The Second Anglo-Boer War Military Intelligence

General accounts of the war contain little comment on military intelligence and regimental histories have more or less ignored it. Yet there was considerable activity in the pre-war period and Intelligence Officers played a significant part with the columns during the guerrilla phase of the war.

Major-General Sir John Ardagh was Director of Military Intelligence from 1st April 1896 until October 1899 serving on the staff of the Commander-in-Chief, Field Marshal Lord Wolseley. (1)

His department was charged with the preparation of information relative to the defence of the Empire and the strategical consideration of all defence schemes; the collection and distribution of information relating to the resources and armed forces of foreign countries and of British overseas possessions as well as the compilation of maps and the translation of foreign documents. Total departmental staff was eighteen officers with some supporting clerks. War Office Military Intelligence B Section (Imperial Defence), which included South Africa, was limited to one officer at DAAG level, one staff captain and one military clerk. (2) Total departmental expenditure was in the region of £20,000 per annum of which about £2000 per annum was spent on South Africa although it rose to about £6000 immediately prior to the war. Nonetheless a great deal of work was carried out on Boer intentions as well as surveys on railways and such roads as existed.

As early as 11th June 1896 Major E.A. Altham, DAAG Military Intelligence, in a memorandum entitled 'Remarks on the Present Strategical Situation in South Africa' warned of the increase in Boer military strength and of the possibility of the two Republics making a dash for Natal and the seaport of Durban. He also pointed out the necessity for specified troops, including the Aldershot Mounted Infantry, to be tasked with guarding railway bridges. Major Altham also reported on the railway bridges over the Vaal and Orange Rivers, providing detailed sketches and dimensions of each bridge.(3) (4) In South Africa on 18th June 1896 Captain H.R. Gale, R.E., reported to Major-General G. Cox, Commanding Troops in Natal and Zululand, on the state of the Natal railways including cuttings, culverts, watering places and the measures necessary for their defence. Of crucial importance was the safe¬guarding of the supply of coal from the Dundee coalfields. A major problem in that respect was the fact that when reserves of coal stored in the open became damp, internal combustion developed and stacks eventually burst into flames. The proposed solution of building storage sheds was deferred on grounds of expense. (5)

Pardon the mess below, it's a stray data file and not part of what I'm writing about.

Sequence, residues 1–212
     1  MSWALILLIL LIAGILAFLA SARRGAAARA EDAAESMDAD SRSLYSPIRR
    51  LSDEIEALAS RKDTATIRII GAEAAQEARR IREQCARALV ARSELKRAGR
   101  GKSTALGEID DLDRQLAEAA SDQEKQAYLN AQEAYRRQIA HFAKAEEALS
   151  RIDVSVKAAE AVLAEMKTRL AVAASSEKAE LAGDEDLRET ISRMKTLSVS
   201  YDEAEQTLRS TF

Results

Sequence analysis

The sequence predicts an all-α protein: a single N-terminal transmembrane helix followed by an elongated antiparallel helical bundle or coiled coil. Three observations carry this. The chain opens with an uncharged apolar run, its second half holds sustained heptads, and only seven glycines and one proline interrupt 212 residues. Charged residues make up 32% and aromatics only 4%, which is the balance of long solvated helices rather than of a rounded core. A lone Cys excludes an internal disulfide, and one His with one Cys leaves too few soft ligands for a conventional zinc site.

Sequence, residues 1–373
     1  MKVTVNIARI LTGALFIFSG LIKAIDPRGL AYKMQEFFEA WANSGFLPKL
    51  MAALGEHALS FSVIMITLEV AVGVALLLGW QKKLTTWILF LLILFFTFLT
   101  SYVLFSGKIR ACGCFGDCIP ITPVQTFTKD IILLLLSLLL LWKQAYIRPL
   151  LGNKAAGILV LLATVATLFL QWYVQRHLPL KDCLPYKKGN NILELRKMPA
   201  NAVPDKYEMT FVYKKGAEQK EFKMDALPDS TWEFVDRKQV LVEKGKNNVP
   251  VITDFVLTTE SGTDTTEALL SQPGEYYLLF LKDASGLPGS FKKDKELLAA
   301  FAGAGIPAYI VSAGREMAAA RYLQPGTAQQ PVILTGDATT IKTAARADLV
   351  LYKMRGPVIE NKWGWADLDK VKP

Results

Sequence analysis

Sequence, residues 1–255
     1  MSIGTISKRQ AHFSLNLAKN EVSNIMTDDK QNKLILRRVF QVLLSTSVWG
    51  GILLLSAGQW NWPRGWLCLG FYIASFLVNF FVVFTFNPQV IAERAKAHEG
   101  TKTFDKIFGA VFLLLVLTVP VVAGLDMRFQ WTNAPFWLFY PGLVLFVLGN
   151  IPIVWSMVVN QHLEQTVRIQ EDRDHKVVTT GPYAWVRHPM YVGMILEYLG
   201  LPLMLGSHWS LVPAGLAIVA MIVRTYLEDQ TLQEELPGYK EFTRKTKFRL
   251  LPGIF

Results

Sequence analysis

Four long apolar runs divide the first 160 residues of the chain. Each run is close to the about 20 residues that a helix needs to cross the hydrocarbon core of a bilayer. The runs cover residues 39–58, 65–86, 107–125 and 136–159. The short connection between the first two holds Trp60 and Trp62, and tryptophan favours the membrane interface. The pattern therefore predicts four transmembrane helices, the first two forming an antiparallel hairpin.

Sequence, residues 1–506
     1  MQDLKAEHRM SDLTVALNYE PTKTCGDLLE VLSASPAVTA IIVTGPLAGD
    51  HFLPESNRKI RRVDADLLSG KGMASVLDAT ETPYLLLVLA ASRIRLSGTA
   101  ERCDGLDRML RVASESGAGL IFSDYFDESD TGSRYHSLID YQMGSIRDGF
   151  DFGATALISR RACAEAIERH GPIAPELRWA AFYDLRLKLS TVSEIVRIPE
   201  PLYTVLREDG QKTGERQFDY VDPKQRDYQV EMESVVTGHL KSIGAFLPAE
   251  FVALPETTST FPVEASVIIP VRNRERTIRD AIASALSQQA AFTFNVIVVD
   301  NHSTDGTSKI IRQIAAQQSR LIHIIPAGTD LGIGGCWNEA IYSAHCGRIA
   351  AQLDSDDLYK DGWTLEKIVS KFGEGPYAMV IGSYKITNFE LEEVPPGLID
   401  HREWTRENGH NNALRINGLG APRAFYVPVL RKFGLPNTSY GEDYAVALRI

Major-General Ardagh produced another memorandum, 'The Transvaal Boers from a Military Point of View', dated 13th November 1896, which, whilst stating his belief that the Boers would seek to maintain the status quo, nonetheless pointed out that the South African Republic had spent £1.5 million on military preparations and set aside a further £850,000 for the provision of artillery, rifles, ammunition and fortifications.

Ardagh claimed: 'As the Transvaal is almost entirely surrounded by British territory, this large expenditure can have no other explanation than an anticipation of war, or an intention of aggression against this country, and its supremacy in South Africa'. His estimate of Boers available for military service was: Transvaal 23,000; Free State 13,000; Colonial rebels 11,000; Foreign volunteers 1,000. To give a total of 48,000 (6)